Friday, May 13, 2005

Purgatory: Refusing To Wake Up From The Dream

And as if Samir Kassir spoke my mind when he broached the issue of demographic shifts in our country. Just yesterday I was squeezing my brains to make sense of all that is happening back home and this is what I concluded with:

Demography has done what it has done...Maronite Christians have to realize that we are not back in 1972 any longer; things have changed since then and it is unfortunately a sad reality for many. But add 15 years of civil war, then 15 years of Syrian occupation and you'll get around 30 year-period where change has occurred demographically and has marked itself territorially.

Cardinal Sfeir talks of the 15 out of 64 (which Samir Kassir explains that in reality it is 40 out of 64) and that Christians have to vote for Christians and not have their hands tied, as in being accountable, to the non-Christian political leaders who head many of the electoral lists in the country. The reality of the matter is aside from a number of areas, such as Jezzine, Kissirwan, Bsharri, Zgharta, Koura, Northen Matn, and Zahle, Maronite Christian presence has dwindled and this is due to demography as well as other factors. For instance, Haret Hreik in Beirut was a Christian-dominated area (to note that Aoun is originally from there), but the war transformed it into a Shiite-dominated area as the Christians fled to the east and the Shiites fled to the southern suburbs of Beirut from the South due to Israeli belligerency.

...Yes it is a painful reality, but what has happened on the ground has happened and not much can be done about it, unless for example the government promulgates a law that allows for the Lebanese to vote where they live, as opposed to where they originally come from...that might mitigate the situation and allow for a better mix. But again, the point is to move towards a better "mix" of people not a movement towards more "segregation" for which I feel that Cardinal Sfeir is calling and is in my view a step backwards. I understand many of the Christians' frustration, but it is important not to be swayed by sentiment and look at the situation with some logic.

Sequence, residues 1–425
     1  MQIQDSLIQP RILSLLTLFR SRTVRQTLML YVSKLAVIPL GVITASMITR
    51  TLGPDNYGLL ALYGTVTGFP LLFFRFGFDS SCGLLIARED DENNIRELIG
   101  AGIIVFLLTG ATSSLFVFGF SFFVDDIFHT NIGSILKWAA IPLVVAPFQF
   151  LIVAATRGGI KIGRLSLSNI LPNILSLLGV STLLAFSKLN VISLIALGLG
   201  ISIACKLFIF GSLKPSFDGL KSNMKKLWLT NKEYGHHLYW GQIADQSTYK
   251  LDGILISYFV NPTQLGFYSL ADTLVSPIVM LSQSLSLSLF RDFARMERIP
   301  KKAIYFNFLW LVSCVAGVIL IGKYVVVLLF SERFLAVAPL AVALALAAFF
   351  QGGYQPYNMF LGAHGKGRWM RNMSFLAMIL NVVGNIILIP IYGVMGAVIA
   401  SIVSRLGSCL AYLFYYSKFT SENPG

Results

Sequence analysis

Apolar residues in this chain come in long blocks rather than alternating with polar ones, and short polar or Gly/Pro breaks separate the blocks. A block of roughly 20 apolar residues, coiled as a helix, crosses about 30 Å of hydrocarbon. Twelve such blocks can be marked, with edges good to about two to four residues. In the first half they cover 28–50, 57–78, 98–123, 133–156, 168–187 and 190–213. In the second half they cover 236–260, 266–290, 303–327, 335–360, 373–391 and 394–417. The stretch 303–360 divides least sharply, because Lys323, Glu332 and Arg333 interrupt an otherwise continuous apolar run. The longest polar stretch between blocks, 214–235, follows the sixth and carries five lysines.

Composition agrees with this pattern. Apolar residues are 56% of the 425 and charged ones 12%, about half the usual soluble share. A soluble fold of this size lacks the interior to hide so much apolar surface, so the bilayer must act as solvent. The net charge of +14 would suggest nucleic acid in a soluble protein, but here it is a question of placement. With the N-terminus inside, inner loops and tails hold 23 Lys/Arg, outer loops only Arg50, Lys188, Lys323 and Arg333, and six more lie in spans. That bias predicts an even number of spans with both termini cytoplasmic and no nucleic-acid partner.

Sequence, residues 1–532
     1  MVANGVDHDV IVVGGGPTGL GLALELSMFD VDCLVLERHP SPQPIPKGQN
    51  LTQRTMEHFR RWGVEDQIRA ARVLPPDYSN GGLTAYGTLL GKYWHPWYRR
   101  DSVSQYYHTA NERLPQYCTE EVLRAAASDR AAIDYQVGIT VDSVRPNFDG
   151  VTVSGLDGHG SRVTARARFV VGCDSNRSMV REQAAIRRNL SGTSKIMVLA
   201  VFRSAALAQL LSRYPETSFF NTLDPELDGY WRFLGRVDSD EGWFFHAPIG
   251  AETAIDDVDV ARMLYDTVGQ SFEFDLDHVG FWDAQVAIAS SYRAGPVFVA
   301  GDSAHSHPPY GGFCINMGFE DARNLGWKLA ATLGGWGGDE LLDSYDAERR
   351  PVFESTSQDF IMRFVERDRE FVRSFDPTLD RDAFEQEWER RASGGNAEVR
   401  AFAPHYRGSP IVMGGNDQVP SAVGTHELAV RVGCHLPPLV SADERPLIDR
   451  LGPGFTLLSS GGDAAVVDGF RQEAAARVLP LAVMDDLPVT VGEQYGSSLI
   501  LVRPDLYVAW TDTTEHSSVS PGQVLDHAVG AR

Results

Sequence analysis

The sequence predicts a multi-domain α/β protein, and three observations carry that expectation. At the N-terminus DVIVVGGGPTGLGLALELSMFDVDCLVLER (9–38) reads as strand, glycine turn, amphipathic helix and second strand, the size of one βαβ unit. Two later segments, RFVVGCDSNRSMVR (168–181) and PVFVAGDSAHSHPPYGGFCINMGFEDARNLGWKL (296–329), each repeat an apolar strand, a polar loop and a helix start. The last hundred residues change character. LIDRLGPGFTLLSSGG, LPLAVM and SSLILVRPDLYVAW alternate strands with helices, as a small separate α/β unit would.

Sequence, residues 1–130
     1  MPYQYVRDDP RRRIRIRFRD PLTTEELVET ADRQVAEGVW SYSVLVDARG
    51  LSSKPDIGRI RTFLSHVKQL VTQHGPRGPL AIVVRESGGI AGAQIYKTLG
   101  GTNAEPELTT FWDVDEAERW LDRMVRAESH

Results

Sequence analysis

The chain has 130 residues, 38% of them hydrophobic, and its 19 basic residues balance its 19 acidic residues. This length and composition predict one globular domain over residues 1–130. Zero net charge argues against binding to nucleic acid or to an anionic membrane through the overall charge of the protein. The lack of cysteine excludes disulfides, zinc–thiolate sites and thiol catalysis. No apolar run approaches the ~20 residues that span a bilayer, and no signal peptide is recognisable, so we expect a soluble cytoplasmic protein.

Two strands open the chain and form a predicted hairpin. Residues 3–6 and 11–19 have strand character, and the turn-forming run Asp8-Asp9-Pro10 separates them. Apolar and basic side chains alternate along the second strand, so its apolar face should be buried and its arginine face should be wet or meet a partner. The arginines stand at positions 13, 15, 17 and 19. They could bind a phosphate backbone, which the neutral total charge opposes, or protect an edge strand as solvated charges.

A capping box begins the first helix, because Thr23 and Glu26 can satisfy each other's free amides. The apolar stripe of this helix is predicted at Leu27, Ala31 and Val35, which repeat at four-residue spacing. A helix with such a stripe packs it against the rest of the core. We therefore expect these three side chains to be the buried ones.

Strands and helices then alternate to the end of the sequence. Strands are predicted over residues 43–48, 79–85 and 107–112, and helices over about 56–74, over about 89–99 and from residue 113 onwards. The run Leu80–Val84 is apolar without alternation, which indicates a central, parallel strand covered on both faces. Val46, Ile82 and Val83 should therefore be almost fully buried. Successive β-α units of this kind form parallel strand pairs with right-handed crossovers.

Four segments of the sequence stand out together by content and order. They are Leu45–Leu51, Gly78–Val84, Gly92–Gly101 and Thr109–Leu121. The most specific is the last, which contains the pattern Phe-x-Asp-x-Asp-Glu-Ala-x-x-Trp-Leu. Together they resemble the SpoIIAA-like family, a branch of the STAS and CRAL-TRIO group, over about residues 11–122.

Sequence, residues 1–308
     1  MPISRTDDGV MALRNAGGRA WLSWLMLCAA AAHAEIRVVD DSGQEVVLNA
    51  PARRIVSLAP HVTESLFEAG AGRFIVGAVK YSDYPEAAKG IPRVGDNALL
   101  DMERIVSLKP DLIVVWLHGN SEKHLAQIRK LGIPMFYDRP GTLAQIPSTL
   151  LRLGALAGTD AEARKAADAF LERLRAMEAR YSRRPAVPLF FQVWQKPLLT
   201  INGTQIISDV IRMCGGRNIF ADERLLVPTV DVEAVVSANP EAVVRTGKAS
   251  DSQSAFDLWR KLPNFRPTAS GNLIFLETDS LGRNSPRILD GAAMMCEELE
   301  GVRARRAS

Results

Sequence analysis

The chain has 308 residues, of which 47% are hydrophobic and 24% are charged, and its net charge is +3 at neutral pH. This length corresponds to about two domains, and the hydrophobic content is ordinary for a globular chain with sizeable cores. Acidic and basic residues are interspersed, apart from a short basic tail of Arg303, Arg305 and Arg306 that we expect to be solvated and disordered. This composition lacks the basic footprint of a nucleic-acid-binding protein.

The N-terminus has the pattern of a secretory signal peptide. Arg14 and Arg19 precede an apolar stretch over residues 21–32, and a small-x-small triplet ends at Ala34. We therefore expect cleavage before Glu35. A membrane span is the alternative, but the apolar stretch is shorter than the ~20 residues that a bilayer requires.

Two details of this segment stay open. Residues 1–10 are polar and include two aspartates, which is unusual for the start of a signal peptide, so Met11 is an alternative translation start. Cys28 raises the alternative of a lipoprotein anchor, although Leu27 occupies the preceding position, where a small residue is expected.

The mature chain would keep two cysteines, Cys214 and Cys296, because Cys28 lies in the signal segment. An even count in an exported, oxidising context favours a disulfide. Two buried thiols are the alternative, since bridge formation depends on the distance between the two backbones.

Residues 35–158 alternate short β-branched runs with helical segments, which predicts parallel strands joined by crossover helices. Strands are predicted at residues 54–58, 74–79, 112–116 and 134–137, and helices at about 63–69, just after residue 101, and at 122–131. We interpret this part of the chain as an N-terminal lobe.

On another note, I wanted to remind everyone how when the late Hariri decided to ally with the Christian opposition right when the electoral law was being debated in Parliament back in January, Franjieh along with many loyalists were ripping Hariri apart and threatening him from joining the forces of the opposition; if you recall, Franjieh called him the "head of the snake."

Fast-forward 4 months and now that we're back on the same subject, Franjieh's (along with many others) hate towards Hariri resurfaces once more. Again, we hear the same talk, that if Sitride Geagea visits Saad Hariri she is "begging" for Parliamentary seats and that it is better to lose Bsharri than to forge an alliance with a Sunni. Again, the same talk...nothing has changed.

Hariri's death has not changed and will not change those poeple. These poeple have withstood deaths and assassinations, have engaged and thrived during and after the war....Hariri's death might have led for the first time to the Lebanese call for change, had made people come out to the streets, have made 1559 a reality as the Syrians left the country in less than a month...but his death is not the magic wand that will change our beloved country's political system.